Safety on point: Demerit point penalties for traffic violations to start PHUKET: Phuket Provincial Police Deputy Commander Col Phakin Na-ranong, who also serves as the island’s Traffic Police Chief, has confirmed that the points-based system of penalties for those caught breaking traffic laws will begin nationwide on Dec 19. A police officer checks a motorcycle rider’s driver’s licence in Patong this week. Photo: Tanyaluk Sakoot The move is being heralded as a way to finally rein in wayward drivers of cars and motorbikes, who repeatedly flout traffic laws on the premise they can just pay the fine and continue their dangerous driving habits. From Dec 19, police officers issuing tickets for moving violations will update the details of the fine, including which driver has been caught, to a national database which every police station in the country will be able to access, Col Phakin explained. “The system used is the same one that used in issuing e-tickets, which is already connected to the Department of Land Transport database.

[Negative Punishment] E-scooter ban on footpaths to extend to all motorised PMDs under amendments to Active Mobility Act SINGAPORE: The ban on riding e-scooters on footpaths will be extended to all motorised personal mobility devices (PMDs) under amendments to the Active Mobility Act introduced in Parliament on Monday (Jan 6). The ban came into effect for e-scooters – defined as motorised PMDs with handlebars – on Nov 5 last year. Under the Active Mobility (Amendment) Bill, the footpath ban will include devices such as hoverboards and electric unicycles. Certificate of Merit. What is it? And how can you get one? Getting a driver’s licence ensures that you are qualified to drive. But along with that comes the responsibility of making sure you drive safely, not just for your sake but also for the sake of other road users. To ensure that drivers are aware of this and keep safety uppermost on their minds while driving, the Traffic Police has instituted a system of rewards and punishments. In March 1983, the Traffic Police introduced the Driver Improvement Points System (DIPS). How does the Driver Improvement System work?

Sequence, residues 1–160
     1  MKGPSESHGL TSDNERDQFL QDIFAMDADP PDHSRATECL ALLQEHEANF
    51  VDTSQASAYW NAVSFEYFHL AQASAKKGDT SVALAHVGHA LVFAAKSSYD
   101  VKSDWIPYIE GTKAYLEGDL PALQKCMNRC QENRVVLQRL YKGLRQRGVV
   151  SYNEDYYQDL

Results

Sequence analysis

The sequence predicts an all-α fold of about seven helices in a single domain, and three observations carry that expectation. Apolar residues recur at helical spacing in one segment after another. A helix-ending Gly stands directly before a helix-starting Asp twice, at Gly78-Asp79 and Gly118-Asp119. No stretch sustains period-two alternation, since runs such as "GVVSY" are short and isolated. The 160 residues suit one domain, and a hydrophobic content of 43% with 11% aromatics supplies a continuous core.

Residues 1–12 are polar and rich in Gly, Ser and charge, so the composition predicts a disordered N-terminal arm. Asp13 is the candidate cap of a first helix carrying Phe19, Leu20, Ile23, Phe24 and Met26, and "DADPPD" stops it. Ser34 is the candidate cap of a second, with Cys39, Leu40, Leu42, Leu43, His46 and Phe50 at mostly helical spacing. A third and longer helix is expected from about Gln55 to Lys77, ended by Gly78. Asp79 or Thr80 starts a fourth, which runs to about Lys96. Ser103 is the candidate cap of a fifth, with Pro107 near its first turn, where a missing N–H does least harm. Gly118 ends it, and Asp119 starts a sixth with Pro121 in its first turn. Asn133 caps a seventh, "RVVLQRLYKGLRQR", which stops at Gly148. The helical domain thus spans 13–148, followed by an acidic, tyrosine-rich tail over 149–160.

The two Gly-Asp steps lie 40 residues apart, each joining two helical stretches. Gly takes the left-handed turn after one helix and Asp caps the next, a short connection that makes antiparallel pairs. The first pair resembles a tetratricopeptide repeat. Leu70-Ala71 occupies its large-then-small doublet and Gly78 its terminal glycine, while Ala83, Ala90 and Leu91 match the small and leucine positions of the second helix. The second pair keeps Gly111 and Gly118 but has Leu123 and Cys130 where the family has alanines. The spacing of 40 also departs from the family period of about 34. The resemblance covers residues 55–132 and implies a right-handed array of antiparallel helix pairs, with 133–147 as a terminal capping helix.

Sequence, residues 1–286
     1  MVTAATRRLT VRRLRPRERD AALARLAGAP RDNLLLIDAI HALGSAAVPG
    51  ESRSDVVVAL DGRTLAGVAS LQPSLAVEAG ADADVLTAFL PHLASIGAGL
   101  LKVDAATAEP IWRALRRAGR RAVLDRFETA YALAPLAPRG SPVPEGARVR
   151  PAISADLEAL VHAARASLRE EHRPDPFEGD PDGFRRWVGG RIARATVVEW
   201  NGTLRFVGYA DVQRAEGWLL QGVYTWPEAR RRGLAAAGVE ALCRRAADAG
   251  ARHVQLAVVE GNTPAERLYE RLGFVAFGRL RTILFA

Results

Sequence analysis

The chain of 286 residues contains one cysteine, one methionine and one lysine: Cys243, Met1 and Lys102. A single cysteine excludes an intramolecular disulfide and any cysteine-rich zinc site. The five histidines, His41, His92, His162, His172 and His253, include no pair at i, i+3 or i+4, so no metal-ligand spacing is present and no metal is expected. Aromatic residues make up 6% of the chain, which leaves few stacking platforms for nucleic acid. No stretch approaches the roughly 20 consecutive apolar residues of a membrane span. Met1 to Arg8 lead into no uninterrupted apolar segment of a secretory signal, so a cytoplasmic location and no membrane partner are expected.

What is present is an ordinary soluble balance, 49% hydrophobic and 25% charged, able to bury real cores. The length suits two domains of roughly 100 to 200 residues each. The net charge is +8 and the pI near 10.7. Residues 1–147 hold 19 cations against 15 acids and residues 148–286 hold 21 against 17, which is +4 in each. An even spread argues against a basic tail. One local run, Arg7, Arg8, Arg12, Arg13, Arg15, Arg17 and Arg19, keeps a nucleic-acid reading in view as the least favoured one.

In Finland, speeding tickets are linked to your income Around 3,400 people die in traffic crashes every day, leading to around 1.25 million deaths globally each year. One-third of these deaths are caused by speeding, according to the World Health Organization. With road traffic crashes the leading cause of death among young people, some countries are coming up with innovative ways to stop people speeding. In Finland, speeding fines are linked to salary.